Practical consequences. We should also consider practical consequences of both approaches. If, according to §1, science can work with no ontological claims, it seems that it would be better not to make those claims, because ontological commitment to hypothetical entities can make science much more conservative and can encourage scientists to stick to their theories instead of changing them in accordance with new empirical evidence. In fact, at this point science can easily transform in a kind of religion with beliefs that are extremely important for its followers.

PMI. Finally, pessimistic meta-induction provides very sound support for any type of anti-realism, including van Fraassen’s constructive empiricism.

Based on these and other arguments, I am inclined to think that the most important proposition of constructive empiricism seems fairly rational and there are good reasons to agree that empirical adequacy, not revelation of any kind of metaphysical truth, is what is important for scientific theories.

Does distinction between observables and unobservables make sense?

Situation becomes worse, on the other hand, when we begin to examine particular aspects of van Fraassen’s approach. The idea of epistemic significance of observability as a criterion of ontological status of particular entities is questionable.

It is too anthropocentric approach. The idea of observability in this sense makes us to use a random and subjective criterion (whether something is available for our senses or not) to make ontological statements. At this point, I should agree with criticism provided by G. Maxwell who mentioned that “drawing of the observational theoretical line at any given point is an accident” (Ladyman, p. 187).

Unobservable observables. Even if we agree about the importance of observability, there is a huge and important class of objects that can be observed in principle, but still cannot actually be observed in real life. Consider dinosaurs as a good example of this kind of objects; it is quite confusing if these objects observable or not. Technically, we can observe them if and only if we invent a time machine or would be able to clone a dinosaur somehow, and the very possibility of these technologies is, in its turn, in question. This situation seems to be quite different from, say, an exoplanet, which is obviously observable in principle. Therefore, we cannot classify these objects as observable or unobservable.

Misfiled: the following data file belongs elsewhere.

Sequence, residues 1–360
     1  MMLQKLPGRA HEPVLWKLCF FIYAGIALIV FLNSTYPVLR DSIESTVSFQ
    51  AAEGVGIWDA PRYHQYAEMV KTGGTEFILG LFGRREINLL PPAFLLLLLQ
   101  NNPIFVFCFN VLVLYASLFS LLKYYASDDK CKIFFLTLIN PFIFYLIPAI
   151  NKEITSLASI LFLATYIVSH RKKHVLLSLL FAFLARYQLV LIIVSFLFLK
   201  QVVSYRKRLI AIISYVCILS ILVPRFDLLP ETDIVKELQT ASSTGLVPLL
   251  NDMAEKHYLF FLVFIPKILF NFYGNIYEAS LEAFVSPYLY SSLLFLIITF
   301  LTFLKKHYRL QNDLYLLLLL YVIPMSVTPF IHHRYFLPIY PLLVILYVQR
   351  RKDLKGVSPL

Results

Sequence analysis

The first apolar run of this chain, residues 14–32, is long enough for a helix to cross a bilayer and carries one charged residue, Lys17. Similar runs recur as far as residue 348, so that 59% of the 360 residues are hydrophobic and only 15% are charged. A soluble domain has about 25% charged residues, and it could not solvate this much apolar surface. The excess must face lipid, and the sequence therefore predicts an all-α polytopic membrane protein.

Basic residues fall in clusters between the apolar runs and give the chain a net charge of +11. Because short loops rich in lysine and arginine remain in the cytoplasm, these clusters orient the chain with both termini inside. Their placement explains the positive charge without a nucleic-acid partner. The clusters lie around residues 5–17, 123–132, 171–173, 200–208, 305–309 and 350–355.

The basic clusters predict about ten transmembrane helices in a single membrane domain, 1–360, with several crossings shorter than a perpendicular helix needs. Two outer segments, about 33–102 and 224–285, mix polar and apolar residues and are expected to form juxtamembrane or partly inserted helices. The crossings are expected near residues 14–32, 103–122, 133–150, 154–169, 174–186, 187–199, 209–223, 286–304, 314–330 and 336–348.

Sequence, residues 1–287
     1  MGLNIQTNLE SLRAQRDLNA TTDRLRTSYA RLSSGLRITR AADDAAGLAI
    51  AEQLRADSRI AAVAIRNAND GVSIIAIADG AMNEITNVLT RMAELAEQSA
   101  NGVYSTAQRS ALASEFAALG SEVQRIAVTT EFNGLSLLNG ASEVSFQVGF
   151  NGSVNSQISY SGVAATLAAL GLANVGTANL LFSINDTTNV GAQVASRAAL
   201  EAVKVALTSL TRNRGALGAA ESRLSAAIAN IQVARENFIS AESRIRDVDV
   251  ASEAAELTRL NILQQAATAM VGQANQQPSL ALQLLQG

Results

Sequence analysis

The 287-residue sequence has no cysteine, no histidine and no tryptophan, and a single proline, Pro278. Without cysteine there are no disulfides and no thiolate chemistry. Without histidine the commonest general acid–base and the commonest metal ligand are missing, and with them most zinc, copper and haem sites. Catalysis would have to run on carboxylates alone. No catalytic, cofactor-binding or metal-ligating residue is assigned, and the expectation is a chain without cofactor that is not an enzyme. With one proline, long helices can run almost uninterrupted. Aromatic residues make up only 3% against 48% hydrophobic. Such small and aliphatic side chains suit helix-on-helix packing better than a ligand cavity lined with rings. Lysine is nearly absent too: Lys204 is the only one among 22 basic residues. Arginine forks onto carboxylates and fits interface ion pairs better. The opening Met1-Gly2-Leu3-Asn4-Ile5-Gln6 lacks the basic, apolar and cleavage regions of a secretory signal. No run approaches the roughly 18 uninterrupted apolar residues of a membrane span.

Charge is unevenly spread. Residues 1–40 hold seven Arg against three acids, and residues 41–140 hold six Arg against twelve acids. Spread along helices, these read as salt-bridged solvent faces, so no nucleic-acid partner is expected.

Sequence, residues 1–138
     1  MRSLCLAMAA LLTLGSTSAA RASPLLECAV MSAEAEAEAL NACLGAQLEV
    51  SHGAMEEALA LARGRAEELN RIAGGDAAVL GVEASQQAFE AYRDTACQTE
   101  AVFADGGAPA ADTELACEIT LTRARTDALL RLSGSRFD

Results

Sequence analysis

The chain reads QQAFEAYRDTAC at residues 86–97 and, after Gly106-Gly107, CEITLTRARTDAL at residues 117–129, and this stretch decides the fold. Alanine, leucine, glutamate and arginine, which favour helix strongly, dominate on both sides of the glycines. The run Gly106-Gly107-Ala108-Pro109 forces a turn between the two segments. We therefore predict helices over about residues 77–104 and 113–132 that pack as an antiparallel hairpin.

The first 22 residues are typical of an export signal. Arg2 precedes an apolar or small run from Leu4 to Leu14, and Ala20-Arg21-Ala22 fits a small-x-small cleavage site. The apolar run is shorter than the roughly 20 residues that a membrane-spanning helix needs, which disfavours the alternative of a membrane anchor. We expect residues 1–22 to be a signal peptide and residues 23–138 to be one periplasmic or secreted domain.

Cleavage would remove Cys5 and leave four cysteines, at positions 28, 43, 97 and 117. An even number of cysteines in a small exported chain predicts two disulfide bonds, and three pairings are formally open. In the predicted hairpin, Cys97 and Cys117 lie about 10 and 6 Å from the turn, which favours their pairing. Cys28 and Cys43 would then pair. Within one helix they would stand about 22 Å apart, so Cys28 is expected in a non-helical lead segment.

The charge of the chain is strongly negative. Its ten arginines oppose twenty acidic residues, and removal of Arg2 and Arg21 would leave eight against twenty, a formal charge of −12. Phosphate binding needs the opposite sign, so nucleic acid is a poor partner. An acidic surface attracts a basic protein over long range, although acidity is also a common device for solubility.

Nevertheless, we can provide several arguments in favor of importance of observability. The most important argument in favor of constructive empiricism, in my opinion, is practical argument that the level of observables is the level where we usually operates in our everyday life. Because of this reason, any change on other level of reality is important for us if and only if it provides us with new possibilities to influence the level of observables. A humoral theory in medicine, for instance, was wrong, but it was so empirically successful when it comes to description of temperament types that we still use this classification of temperaments. That supports the idea that empiric adequacy is what we really look for in a scientific theory, while explanations are not so important. Nevertheless, this argument is far from van Fraassen’s own ideas, and when we return to constructive empiricism, we will easily see that it has another difficulties.